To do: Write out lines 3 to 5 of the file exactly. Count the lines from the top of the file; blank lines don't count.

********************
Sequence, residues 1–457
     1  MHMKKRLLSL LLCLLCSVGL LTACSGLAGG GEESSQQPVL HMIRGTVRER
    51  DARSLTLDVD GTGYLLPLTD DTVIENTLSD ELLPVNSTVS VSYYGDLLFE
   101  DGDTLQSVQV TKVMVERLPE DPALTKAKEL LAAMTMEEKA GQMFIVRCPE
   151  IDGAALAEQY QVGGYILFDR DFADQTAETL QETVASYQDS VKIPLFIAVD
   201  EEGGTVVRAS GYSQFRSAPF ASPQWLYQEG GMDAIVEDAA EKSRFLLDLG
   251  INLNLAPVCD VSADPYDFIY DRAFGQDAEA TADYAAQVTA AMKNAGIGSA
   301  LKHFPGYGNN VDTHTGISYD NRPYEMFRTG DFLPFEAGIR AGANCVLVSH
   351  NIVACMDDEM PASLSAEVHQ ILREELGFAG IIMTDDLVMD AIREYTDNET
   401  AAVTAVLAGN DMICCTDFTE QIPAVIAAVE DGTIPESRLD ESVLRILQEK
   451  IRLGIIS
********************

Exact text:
    51  DARSLTLDVD GTGYLLPLTD DTVIENTLSD ELLPVNSTVS VSYYGDLLFE
   101  DGDTLQSVQV TKVMVERLPE DPALTKAKEL LAAMTMEEKA GQMFIVRCPE
   151  IDGAALAEQY QVGGYILFDR DFADQTAETL QETVASYQDS VKIPLFIAVD